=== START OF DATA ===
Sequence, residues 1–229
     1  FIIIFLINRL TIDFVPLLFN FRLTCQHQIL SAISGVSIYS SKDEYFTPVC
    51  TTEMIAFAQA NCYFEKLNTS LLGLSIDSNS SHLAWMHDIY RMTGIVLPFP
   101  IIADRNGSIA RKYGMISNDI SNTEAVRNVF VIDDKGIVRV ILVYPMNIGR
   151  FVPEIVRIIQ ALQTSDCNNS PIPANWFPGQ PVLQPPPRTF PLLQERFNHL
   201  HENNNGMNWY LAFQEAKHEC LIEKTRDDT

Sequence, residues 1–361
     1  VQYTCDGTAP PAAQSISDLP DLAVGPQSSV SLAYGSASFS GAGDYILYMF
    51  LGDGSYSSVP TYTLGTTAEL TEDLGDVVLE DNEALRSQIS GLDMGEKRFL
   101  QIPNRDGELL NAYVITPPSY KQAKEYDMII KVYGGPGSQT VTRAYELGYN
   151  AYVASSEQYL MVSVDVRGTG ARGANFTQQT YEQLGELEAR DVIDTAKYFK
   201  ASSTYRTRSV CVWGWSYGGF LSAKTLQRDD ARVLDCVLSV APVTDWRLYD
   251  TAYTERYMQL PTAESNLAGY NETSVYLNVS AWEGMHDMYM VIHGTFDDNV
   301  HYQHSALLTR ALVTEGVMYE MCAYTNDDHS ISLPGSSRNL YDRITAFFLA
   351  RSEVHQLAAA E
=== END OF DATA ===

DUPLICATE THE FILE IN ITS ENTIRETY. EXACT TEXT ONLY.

Sequence, residues 1–229
     1  FIIIFLINRL TIDFVPLLFN FRLTCQHQIL SAISGVSIYS SKDEYFTPVC
    51  TTEMIAFAQA NCYFEKLNTS LLGLSIDSNS SHLAWMHDIY RMTGIVLPFP
   101  IIADRNGSIA RKYGMISNDI SNTEAVRNVF VIDDKGIVRV ILVYPMNIGR
   151  FVPEIVRIIQ ALQTSDCNNS PIPANWFPGQ PVLQPPPRTF PLLQERFNHL
   201  HENNNGMNWY LAFQEAKHEC LIEKTRDDT

Sequence, residues 1–361
     1  VQYTCDGTAP PAAQSISDLP DLAVGPQSSV SLAYGSASFS GAGDYILYMF
    51  LGDGSYSSVP TYTLGTTAEL TEDLGDVVLE DNEALRSQIS GLDMGEKRFL
   101  QIPNRDGELL NAYVITPPSY KQAKEYDMII KVYGGPGSQT VTRAYELGYN
   151  AYVASSEQYL MVSVDVRGTG ARGANFTQQT YEQLGELEAR DVIDTAKYFK
   201  ASSTYRTRSV CVWGWSYGGF LSAKTLQRDD ARVLDCVLSV APVTDWRLYD
   251  TAYTERYMQL PTAESNLAGY NETSVYLNVS AWEGMHDMYM VIHGTFDDNV
   301  HYQHSALLTR ALVTEGVMYE MCAYTNDDHS ISLPGSSRNL YDRITAFFLA
   351  RSEVHQLAAA E